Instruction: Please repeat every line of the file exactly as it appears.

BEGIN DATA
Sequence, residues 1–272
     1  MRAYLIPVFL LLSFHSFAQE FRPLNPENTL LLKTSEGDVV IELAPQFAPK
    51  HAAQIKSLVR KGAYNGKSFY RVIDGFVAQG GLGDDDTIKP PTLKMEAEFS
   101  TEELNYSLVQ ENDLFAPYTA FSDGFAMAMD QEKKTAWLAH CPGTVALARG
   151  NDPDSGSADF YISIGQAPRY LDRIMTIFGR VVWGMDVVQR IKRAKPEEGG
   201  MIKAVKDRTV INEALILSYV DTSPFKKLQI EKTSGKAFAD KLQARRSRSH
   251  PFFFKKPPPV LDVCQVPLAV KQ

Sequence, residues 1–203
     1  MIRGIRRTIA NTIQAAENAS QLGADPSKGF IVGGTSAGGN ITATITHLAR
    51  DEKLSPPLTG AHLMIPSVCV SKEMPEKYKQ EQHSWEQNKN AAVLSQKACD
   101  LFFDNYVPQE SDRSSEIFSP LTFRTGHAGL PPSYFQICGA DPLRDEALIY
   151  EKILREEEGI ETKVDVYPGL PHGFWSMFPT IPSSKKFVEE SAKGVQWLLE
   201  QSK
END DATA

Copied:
Sequence, residues 1–272
     1  MRAYLIPVFL LLSFHSFAQE FRPLNPENTL LLKTSEGDVV IELAPQFAPK
    51  HAAQIKSLVR KGAYNGKSFY RVIDGFVAQG GLGDDDTIKP PTLKMEAEFS
   101  TEELNYSLVQ ENDLFAPYTA FSDGFAMAMD QEKKTAWLAH CPGTVALARG
   151  NDPDSGSADF YISIGQAPRY LDRIMTIFGR VVWGMDVVQR IKRAKPEEGG
   201  MIKAVKDRTV INEALILSYV DTSPFKKLQI EKTSGKAFAD KLQARRSRSH
   251  PFFFKKPPPV LDVCQVPLAV KQ

Sequence, residues 1–203
     1  MIRGIRRTIA NTIQAAENAS QLGADPSKGF IVGGTSAGGN ITATITHLAR
    51  DEKLSPPLTG AHLMIPSVCV SKEMPEKYKQ EQHSWEQNKN AAVLSQKACD
   101  LFFDNYVPQE SDRSSEIFSP LTFRTGHAGL PPSYFQICGA DPLRDEALIY
   151  EKILREEEGI ETKVDVYPGL PHGFWSMFPT IPSSKKFVEE SAKGVQWLLE
   201  QSK